The Head-Scratching Way Your Character Could Die In King's Quest

Gwydion, a young man composed entirely of blocky pixels, moves up the equally-pixelated representation of stairs, until he bumps into a black bob. A sound effect plays, and a message informs you that you have tripped over a cat ... and thus, fallen to your death. 

Perhaps the best way to summarize this feeling of this, as one YouTube commentator wrote a decade ago, is: "Wow. That has to be the worst way to die I've ever seen in an adventure game." And for sure, it is pretty lame. Despite this, King's Quest III: To Heir is Human — the game this death happens in — was listed by Time as the fiftieth best video game ever. 

Chalk it up to the fact that King's Quest basically created the genre of adventure games. Besides that, the series was known for these kind of deaths. Many reactions to King's Quest, looking back, ring similarly to John Walker's spiel in Rock Paper Shotgun: "It repeatedly kills you for ludicrously unfair or unpredictable reasons. It's monstrously wordy where it has nothing to say. And most of all, it allows you to play on and on and on (and on), into impossible scenarios. It even lets you reach the end of the game, before you discover it's impossible to continue because of some object you didn't pick up five hours previously." Every death is just as obtuse as tripping over the cat and each comes with some snide description. It's part of the fun.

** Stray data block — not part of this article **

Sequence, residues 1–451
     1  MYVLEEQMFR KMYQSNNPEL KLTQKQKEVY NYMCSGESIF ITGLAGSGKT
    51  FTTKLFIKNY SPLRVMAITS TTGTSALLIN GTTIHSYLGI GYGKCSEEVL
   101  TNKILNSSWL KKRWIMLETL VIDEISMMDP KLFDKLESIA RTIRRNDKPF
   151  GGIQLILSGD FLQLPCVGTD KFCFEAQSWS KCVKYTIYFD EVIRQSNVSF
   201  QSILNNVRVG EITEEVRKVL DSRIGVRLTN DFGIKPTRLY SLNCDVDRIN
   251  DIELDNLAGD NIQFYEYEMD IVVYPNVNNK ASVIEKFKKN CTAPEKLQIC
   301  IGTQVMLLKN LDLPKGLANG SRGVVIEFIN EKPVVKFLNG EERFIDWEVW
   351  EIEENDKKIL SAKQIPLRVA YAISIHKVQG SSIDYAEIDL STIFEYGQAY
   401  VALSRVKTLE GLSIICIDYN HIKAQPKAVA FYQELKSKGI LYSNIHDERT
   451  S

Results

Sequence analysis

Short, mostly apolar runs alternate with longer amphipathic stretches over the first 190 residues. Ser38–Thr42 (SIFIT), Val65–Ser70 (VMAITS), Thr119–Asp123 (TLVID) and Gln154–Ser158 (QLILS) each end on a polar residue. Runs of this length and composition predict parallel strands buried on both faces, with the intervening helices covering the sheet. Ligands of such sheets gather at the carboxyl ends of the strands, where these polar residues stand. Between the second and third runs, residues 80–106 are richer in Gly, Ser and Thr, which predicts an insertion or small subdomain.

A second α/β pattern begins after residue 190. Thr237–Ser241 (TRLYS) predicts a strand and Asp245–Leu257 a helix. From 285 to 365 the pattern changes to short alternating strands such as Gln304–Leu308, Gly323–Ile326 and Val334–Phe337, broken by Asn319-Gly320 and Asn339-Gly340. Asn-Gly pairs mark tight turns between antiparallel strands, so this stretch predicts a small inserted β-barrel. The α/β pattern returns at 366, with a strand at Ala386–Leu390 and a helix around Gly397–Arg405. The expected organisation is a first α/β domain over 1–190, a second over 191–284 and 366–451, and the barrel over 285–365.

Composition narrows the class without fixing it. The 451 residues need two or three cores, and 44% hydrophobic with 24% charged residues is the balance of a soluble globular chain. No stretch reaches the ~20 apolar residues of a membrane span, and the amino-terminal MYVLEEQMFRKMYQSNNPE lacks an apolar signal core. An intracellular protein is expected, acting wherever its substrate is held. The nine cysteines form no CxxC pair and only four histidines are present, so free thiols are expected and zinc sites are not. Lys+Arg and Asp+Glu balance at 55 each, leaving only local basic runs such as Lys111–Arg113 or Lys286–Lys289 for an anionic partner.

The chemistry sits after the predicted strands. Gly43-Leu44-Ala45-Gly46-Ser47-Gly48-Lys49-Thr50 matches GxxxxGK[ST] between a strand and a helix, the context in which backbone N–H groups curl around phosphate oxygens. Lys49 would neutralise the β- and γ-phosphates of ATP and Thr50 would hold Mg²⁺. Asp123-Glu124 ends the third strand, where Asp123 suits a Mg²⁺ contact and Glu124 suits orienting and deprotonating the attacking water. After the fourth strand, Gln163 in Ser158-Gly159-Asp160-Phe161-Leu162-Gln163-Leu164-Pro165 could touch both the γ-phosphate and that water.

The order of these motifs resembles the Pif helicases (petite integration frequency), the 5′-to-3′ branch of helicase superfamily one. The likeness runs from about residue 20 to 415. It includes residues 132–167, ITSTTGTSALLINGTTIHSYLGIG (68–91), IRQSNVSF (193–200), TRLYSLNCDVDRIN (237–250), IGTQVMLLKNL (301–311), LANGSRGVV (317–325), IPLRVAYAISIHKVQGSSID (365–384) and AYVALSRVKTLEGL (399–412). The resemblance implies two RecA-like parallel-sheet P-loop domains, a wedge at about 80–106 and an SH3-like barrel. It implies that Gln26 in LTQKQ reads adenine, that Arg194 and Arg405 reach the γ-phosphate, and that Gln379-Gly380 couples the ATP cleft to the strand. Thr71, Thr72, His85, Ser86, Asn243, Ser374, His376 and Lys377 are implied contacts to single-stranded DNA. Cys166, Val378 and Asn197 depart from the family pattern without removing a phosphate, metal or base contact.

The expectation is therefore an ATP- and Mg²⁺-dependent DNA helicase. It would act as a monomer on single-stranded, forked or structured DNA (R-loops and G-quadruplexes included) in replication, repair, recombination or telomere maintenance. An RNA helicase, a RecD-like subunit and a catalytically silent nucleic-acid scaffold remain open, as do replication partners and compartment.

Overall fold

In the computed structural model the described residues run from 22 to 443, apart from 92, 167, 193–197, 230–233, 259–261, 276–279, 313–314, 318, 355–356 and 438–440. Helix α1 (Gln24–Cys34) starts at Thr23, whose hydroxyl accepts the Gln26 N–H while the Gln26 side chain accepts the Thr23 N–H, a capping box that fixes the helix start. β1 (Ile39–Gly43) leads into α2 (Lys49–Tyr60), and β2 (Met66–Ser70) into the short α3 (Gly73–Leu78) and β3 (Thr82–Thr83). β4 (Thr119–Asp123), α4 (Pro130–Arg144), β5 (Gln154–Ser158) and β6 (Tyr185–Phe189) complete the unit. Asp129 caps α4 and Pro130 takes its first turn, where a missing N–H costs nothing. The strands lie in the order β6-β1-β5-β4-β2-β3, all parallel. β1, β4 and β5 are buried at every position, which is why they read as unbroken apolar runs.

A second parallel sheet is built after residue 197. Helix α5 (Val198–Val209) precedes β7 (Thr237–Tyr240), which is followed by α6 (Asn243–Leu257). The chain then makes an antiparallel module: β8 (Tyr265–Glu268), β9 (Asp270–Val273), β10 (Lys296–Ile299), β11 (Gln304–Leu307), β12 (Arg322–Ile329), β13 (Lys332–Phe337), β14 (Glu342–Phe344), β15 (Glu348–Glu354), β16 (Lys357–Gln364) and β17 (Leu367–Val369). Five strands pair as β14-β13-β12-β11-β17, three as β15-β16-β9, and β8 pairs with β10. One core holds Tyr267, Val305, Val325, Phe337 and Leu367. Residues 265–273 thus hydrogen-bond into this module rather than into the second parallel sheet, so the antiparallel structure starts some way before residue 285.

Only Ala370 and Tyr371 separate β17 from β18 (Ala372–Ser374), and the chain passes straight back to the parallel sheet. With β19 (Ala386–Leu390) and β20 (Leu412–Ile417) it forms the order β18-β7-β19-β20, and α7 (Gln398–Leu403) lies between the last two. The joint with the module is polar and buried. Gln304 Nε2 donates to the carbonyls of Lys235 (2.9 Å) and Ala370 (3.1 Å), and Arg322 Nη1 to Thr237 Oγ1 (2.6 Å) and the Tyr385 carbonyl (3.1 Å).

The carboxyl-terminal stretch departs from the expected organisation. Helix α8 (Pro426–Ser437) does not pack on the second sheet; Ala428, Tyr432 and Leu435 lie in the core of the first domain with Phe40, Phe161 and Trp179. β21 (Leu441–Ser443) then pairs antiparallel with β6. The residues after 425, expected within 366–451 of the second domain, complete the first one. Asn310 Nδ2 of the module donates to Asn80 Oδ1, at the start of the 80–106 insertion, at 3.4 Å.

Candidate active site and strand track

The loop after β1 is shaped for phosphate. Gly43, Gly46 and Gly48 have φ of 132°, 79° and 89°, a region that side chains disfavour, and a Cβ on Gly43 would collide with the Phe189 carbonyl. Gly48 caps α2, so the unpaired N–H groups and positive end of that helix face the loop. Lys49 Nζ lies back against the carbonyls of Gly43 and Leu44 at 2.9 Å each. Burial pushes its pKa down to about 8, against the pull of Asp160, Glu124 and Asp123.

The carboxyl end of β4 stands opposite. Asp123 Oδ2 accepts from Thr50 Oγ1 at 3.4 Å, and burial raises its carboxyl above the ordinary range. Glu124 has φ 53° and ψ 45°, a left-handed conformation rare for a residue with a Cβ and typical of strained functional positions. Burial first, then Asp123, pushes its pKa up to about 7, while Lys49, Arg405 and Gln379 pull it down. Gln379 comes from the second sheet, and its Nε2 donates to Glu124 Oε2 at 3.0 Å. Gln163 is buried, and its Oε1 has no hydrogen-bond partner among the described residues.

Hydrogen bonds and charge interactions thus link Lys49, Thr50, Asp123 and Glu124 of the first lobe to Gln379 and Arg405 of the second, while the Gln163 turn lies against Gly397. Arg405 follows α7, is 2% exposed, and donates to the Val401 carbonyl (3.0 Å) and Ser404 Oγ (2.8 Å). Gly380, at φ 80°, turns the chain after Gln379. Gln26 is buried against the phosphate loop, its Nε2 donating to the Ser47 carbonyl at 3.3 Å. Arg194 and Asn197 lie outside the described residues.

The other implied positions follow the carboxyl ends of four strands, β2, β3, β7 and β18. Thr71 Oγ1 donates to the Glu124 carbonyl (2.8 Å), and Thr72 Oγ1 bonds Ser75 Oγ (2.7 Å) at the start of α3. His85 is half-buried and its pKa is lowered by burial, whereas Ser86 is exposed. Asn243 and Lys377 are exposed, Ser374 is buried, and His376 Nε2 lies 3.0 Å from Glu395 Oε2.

How painfully difficult arcade games led to lame King's Quest deaths

Of course, most games from that era of gaming were quite difficult. As How To Geek covers, one reason for this includes the limits in both hardware and software. Controllers, for instance, were not as nimble as they are today, meaning even the most basic platform challenge could break you. There was, however, a purposeful reason behind the difficulty, as well: arcades. While adventure games like King's Quest were made for computers, many of the developers of such games had either learned to code by making arcade games beforehand, or had developed their passion by playing such games — on machines that thrive on their players' consistent failure. These programmers brought their "hard is good" preference with them when they transitioned to home games.

Hence, Gwydion dies when tripping over a cat. As Ben Croshaw wrote, in his description of King's Quest II for Escapist Magazine, "Serves you right for employing normal people's logic." That said, you cannot deny that the King's Quest series, silly deaths and all, is beloved. Some, like PC Gamer's Wes Fenlon, find modern gaming's ease a disappointment. Others, like Stuart Gipp of Retronauts, argues that while the old King's Quest games really aren't very fun, the type of losing that such games introduce is more fun and memorable than games in which you don't worry about failing in ridiculous ways. 

He's got a point. After all, we're still talking about that smarmy cat.